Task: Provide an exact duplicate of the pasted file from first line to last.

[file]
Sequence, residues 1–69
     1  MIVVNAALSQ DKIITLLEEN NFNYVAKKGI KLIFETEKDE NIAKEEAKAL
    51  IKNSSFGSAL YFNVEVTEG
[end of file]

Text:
Sequence, residues 1–69
     1  MIVVNAALSQ DKIITLLEEN NFNYVAKKGI KLIFETEKDE NIAKEEAKAL
    51  IKNSSFGSAL YFNVEVTEG